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Use of CA125 in Screening for Ovarian Cancer

Position StatementsOvarian Cancer
Jun 1, 2010

Results of a multicenter screening trial using calculated algorithms based on age and trends in CA125 levels over time in women without familial risk of developing ovarian cancer have recently been reported at the annual meeting of the American Society of Clinical Oncology. Transvaginal ultrasound (TVUS) was not performed automatically but as indicated by the CA125 algorithm results. This study provides early evidence that incorporating a CA125 algorithm followed by TVUS may be a feasible strategy for screening low-risk women over 50 years of age. The results of this study have been featured in various professional and consumer media outlets, causing physicians and patients to seek guidance regarding the implications.

The Society of Gynecologic Oncology (SGO) commends the investigators of this study for contributing valuable data, and eagerly awaits the results of additional larger randomized controlled trials to confirm the usefulness of Risk of Ovarian Cancer Algorithm (ROCA) in screening women without familial risk of ovarian cancer. The positive predictive value noted in the study of 37.5% is superior to what has been reported from prior studies. However, as a screening strategy, that eventually could be applied to the general population, this figure is modest. There remains insufficient evidence to support routine CA125 +/- TVUS screening in low-risk women who are not part of a clinical trial. An additional limitation of this study was the lack of a control, observation-only arm, without which it is difficult to attribute any real benefit to the screening strategy. As with any prospective screening tool or treatment option, the impact of false positive and false negative screening results must be considered and balanced against the potential benefits of true positive and negative results. Finally, while the number of participants who needed more frequent CA125 monitoring, ultrasound, or referral to a specialist appeared small, a complete cost effectiveness analysis of this approach would be critical before adopting any universal screening program.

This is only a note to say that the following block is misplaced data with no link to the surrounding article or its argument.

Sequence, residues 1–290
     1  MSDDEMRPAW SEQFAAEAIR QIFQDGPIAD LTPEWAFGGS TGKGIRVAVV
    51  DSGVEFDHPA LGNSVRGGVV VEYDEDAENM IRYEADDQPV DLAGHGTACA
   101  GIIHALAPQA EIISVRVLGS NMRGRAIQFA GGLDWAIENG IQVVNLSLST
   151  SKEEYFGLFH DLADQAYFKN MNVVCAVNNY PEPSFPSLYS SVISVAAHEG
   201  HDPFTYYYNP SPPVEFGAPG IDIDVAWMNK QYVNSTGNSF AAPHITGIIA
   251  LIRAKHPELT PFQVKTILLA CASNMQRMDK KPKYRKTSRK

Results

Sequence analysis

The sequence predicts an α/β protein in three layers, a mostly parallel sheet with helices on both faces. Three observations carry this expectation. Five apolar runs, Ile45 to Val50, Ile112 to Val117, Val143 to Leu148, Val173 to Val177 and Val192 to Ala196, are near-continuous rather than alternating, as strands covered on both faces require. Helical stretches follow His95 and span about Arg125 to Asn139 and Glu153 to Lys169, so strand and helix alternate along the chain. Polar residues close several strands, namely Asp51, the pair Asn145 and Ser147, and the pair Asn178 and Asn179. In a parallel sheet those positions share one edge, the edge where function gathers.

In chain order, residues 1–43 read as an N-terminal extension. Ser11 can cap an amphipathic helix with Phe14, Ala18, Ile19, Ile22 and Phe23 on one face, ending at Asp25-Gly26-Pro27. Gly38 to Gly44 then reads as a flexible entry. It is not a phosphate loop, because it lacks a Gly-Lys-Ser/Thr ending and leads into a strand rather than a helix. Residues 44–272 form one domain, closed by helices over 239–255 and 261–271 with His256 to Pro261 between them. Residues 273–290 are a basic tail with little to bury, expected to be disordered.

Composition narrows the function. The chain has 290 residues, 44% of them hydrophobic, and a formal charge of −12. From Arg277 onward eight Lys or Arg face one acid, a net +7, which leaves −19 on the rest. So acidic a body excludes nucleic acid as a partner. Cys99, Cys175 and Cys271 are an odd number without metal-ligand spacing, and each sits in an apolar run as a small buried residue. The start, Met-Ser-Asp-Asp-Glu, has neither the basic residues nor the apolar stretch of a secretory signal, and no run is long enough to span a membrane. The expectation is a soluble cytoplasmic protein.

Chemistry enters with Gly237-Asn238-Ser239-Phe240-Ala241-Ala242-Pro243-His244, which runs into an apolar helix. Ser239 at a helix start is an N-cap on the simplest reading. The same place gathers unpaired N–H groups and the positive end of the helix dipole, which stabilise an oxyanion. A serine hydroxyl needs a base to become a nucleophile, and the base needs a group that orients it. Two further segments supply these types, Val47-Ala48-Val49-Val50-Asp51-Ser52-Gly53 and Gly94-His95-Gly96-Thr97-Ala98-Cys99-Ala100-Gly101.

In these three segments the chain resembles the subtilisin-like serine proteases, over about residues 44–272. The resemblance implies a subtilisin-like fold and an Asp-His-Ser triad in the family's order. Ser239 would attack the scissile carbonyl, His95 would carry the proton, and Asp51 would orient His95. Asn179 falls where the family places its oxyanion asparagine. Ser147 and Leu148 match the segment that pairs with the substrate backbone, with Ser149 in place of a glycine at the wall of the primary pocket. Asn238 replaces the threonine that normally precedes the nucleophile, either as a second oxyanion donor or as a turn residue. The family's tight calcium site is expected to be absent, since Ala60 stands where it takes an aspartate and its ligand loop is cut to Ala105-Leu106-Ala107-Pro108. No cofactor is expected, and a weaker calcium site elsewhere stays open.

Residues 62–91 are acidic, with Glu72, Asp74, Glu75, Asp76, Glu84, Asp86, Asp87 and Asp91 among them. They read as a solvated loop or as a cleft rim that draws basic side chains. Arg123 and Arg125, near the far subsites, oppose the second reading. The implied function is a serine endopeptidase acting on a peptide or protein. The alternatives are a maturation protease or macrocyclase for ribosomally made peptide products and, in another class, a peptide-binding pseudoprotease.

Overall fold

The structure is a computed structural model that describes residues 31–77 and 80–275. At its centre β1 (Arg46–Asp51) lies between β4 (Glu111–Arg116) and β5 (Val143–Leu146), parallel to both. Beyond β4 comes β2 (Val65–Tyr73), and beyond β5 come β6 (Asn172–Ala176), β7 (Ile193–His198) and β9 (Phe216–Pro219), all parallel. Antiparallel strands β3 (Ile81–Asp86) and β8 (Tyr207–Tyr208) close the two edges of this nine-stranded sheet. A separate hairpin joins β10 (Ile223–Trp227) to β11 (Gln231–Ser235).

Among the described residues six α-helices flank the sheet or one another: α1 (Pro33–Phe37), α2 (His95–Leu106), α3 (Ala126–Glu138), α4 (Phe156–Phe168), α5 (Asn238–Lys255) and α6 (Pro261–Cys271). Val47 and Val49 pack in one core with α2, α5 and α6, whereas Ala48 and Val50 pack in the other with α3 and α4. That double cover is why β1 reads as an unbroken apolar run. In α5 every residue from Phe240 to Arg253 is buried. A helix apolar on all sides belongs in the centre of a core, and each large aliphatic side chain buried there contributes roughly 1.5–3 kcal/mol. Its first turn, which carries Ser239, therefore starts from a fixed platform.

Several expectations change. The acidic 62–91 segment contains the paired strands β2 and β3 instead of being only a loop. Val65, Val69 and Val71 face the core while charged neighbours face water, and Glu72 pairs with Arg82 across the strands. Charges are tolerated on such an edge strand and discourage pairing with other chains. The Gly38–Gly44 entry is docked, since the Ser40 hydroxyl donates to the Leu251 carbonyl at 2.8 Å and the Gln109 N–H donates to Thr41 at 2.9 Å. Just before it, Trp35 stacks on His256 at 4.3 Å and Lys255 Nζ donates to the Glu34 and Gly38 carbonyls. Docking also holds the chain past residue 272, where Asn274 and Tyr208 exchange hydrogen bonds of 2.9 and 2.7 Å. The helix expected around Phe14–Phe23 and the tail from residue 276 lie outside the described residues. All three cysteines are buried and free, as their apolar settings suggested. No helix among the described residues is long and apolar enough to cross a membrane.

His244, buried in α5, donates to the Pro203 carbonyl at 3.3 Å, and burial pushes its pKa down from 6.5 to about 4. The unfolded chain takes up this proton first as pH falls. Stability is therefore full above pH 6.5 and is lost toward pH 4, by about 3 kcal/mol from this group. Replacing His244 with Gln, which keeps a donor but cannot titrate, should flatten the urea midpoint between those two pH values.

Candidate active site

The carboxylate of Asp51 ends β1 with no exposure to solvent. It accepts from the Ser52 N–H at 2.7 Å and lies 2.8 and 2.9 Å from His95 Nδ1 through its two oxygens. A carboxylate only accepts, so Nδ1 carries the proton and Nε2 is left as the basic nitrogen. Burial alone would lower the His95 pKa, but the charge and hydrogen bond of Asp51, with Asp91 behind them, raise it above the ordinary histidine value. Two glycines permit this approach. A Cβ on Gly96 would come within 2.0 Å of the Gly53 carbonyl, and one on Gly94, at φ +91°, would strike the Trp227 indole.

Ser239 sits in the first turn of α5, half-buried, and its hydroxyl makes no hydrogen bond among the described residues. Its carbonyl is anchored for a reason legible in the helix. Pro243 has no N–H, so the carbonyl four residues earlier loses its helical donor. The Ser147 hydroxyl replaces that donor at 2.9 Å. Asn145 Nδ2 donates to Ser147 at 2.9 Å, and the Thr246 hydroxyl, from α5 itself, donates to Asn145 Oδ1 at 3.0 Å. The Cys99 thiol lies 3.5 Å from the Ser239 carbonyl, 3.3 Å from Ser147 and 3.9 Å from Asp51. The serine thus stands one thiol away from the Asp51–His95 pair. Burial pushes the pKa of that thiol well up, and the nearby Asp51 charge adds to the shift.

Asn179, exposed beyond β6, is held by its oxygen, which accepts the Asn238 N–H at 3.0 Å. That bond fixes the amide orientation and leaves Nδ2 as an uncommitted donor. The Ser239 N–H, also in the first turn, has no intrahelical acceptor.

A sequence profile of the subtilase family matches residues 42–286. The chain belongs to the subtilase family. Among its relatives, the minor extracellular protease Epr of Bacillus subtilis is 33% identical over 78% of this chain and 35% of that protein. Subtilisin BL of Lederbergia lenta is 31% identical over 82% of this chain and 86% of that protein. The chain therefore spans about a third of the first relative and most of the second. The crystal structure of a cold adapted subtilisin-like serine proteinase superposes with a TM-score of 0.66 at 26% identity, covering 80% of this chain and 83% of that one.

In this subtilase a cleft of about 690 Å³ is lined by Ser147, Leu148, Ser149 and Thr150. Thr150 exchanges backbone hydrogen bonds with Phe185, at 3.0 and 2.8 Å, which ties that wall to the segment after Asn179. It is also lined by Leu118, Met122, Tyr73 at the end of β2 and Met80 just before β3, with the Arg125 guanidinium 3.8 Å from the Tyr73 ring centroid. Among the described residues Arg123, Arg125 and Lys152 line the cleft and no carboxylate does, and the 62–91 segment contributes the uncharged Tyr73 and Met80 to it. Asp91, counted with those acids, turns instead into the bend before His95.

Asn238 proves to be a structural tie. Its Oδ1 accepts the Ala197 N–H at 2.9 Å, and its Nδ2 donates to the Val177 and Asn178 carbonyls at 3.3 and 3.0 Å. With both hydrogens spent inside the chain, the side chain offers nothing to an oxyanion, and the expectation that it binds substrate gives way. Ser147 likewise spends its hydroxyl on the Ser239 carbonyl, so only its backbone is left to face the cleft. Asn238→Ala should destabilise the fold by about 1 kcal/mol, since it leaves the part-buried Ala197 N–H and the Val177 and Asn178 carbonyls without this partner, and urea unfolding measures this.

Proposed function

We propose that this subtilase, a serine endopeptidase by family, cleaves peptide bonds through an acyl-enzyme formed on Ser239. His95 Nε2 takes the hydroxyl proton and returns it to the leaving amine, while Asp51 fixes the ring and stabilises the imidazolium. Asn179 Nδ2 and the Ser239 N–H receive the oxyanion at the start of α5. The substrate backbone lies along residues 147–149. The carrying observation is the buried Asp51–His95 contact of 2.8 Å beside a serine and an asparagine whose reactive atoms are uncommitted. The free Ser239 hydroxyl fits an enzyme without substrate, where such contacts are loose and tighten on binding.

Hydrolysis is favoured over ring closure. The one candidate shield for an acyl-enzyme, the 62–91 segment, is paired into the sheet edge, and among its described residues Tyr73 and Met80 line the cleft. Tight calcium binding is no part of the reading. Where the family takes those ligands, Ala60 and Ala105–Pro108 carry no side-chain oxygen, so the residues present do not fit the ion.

As specialists in women’s cancer care, gynecologic oncologists offer patients individualized treatment plans. Patients and their physicians are encouraged to discuss the pros and cons of CA125 and TVUS screening and the implications for subsequent treatment and quality of life.


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